Saudi women celebrate easing of guardianship system, call for more freedoms
Last September, a petition was signed by nearly 15,000 Saudi women urging King Salman to end the male guardianship system.
Steps forward. Saudi women walk on a street during Saudi National Day in Riyadh. (Reuters)
2017/05/21 Issue: 107 Page: 21
London - Women in Saudi Arabia celebrated a royal decree easing aspects of the kingdom’s male guardianship system, granting them independent access to government services, jobs, education and health care.
Directives from King Salman bin Abdulaziz Al Saud stated that women in the kingdom no longer need a male guardian’s consent to access public services “unless there is a legal basis for this request, in accordance with the provisions of Islamic sharia.”
Government agencies are required to reflect the new changes on their official websites and have three months to restructure and implement the new orders while providing officials with a list of services that might require guardian approval for consideration. The agencies are also tasked with raising awareness of women’s rights in Saudi Arabia.
Before the changes, Saudi women needed a mahram (male guardian) — usually a father, brother or husband — to accompany them or give written consent to access jobs, school or health care.
Maha Akeel, of the Jeddah-based Organisation of Islamic Cooperation, said the changes deliver an opportunity to re-evaluate the entire system.
“Now at least it opens the door for discussion on the guardian system,” Akeel told the Thomson Reuters Foundation. “Women are independent and can take care of themselves.”
The royal decrees stop short of giving women the right to travel without a guardian’s consent or the complete dissolution of the guardianship system, which activists have called for.
However, many called it a significant move. “We are one step ahead, this is good news,” wrote UK-based Saudi student Rawan al-Rayes on her Twitter account. Online Saudi activist Maha Saad said the developments were the “start of something great; Freedom Will Win At The End.”
The movement to drop the male guardianship system in Saudi Arabia has been going on for almost six years but has only generated significant results in the last few years.
The online grass-roots movement celebrated several small victories during that period, starting with the late King Abdullah bin Abdulaziz Al Saud allowing women to join the kingdom’s advisory Shura Council in 2011, followed by the first participation of Saudi women at the Olympics. In 2013, the kingdom pledged for the second time to the United Nations that it would review and nullify the guardianship system.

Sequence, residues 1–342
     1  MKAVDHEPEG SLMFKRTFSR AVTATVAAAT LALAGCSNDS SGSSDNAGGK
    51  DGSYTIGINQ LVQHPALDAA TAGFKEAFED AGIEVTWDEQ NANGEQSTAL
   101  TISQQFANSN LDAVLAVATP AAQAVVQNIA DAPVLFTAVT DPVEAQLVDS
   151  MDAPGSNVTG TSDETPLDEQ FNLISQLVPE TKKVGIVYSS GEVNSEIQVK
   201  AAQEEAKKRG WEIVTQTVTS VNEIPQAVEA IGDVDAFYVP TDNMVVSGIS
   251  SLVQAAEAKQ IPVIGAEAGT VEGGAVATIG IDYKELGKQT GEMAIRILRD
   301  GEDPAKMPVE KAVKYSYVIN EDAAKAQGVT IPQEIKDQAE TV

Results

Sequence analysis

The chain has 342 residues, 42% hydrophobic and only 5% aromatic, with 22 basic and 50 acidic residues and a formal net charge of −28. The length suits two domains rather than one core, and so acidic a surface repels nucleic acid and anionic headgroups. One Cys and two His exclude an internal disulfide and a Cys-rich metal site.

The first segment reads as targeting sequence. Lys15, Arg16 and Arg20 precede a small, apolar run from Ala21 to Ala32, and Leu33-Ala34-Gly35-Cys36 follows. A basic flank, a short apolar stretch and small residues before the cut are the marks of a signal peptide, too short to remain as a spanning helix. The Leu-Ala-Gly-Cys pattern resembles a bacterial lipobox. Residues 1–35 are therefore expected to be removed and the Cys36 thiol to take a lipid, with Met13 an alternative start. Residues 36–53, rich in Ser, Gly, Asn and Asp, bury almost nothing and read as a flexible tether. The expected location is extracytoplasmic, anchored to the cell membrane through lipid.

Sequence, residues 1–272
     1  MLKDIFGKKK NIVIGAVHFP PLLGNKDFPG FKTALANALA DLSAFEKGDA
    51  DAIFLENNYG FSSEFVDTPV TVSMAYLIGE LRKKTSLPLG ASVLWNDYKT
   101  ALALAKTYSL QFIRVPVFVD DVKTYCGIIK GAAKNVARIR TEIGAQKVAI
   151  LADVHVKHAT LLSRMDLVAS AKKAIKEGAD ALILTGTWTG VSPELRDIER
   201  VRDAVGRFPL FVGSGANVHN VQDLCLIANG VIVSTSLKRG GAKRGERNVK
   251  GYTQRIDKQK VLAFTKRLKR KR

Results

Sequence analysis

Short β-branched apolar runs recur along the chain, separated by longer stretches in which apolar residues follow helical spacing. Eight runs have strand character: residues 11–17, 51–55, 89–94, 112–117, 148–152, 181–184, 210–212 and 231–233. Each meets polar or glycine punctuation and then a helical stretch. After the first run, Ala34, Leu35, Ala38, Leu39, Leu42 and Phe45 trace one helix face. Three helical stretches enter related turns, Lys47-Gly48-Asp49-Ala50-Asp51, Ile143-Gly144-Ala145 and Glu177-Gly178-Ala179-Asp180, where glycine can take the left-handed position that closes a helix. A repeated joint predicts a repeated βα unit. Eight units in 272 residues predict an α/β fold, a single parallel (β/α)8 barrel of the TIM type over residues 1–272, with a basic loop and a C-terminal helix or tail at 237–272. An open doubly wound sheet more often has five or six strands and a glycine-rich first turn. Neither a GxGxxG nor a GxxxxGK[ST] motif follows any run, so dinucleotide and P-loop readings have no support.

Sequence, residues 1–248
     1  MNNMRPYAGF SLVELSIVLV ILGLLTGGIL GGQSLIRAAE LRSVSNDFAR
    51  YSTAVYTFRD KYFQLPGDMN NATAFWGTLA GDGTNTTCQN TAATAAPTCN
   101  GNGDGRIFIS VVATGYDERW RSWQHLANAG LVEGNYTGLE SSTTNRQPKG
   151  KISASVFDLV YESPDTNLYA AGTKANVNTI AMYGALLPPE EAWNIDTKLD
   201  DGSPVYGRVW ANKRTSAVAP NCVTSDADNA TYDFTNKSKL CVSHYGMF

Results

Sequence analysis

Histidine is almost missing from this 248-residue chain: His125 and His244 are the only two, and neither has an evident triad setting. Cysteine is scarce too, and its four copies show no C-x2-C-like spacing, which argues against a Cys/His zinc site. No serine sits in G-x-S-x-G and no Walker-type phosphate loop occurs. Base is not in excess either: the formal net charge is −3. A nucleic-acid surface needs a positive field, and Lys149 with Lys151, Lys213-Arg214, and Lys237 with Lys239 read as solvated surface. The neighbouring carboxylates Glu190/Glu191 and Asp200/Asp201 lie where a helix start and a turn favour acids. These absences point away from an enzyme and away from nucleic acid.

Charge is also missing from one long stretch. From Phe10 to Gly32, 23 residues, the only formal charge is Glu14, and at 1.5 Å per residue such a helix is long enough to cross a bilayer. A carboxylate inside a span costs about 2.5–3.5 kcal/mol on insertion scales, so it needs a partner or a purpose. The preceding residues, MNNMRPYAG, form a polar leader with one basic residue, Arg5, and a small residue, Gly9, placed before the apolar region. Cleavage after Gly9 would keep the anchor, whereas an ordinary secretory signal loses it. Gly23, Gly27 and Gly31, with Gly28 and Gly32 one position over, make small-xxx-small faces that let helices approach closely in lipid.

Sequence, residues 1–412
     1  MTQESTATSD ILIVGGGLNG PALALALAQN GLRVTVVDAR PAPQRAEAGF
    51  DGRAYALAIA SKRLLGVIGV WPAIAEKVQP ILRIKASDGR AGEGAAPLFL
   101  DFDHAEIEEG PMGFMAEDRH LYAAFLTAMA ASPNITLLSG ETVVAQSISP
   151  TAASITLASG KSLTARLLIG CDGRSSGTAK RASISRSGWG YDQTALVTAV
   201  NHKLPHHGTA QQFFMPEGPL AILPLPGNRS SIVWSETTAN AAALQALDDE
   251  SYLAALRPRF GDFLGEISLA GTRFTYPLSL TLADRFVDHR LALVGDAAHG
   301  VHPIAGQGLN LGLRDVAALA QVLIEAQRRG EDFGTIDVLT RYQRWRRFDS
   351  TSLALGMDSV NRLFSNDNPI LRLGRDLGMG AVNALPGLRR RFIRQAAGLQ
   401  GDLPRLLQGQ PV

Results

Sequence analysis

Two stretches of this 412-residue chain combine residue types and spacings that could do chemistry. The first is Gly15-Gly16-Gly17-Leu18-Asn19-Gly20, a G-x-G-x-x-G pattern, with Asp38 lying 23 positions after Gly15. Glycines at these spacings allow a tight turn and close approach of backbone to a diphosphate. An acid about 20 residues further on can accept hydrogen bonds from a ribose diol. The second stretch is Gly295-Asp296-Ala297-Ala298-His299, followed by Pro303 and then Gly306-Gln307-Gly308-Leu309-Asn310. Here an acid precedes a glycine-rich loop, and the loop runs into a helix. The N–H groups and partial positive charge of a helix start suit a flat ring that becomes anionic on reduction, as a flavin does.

Last September, a petition signed by nearly 15,000 Saudi women urging King Salman to end the country’s male guardianship system was posted to the government. This came after an unsuccessful attempt by Riyadh-based women’s activist Aziza al-Yousef to deliver it personally to the royal court.
At that time, the Arabic hashtag “Saudi women want to abolish the guardianship system” trended on social media for months, particularly on Twitter, which has an estimated 2.4 million active Saudi users, the highest number of any country in the region. The latest events have led to the same hashtag trending again.
The royal decrees specified that government agencies should force employers to provide transportation for female employees, an aspect that pro-women Saudi activities might construe as a setback to their campaign to lift the ban on women driving in the kingdom.
A scheduled session of the Shura Council aimed at discussing an Interior Ministry report’s recommendation on the women’s driving initiative was postponed.
The Riyadh-based Okaz newspaper said members of the council were informed 48 hours before the session of the postponement, with the possibility of having the discussion before the start of the holy month of Ramadan.
Sources told Okaz that the council’s Security Committee failed to draft coherent recommendations regarding the women’s driving initiative, describing what was presented as “weak” and “unfeasible” and saying it was rejected at a General Assembly meeting in April.
Commenting on the delay on Twitter, Yousef wrote: “I don’t know why the women’s driving dossier has become one of the most difficult files to pass, bearing in mind that more complex issues have passed through the bottleneck smoothly.”
Saudi Arabia is implementing its Vision 2030 social and economic reform plan, designed to diversify its economy away from the energy sector. Creating opportunities and improving living standards for the kingdom’s female populace factor heavily in its plans.